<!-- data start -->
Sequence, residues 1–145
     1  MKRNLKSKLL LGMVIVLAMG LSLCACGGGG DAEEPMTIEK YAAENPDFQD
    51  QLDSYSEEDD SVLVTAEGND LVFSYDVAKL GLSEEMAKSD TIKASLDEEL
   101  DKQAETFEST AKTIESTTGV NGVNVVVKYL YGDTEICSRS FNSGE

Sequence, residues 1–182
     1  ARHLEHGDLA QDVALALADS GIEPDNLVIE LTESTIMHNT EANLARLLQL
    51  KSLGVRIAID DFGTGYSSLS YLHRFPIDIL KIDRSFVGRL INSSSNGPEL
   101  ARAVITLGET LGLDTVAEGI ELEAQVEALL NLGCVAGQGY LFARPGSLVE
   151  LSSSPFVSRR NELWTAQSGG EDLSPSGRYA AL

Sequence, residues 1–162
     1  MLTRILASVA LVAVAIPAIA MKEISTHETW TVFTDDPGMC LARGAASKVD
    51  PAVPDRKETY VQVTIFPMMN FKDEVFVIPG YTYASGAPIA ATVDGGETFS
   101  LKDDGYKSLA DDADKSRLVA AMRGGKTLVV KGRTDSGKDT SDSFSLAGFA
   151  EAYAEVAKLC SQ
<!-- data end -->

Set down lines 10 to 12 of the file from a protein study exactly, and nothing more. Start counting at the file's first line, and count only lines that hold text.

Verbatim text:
Sequence, residues 1–162
     1  MLTRILASVA LVAVAIPAIA MKEISTHETW TVFTDDPGMC LARGAASKVD
    51  PAVPDRKETY VQVTIFPMMN FKDEVFVIPG YTYASGAPIA ATVDGGETFS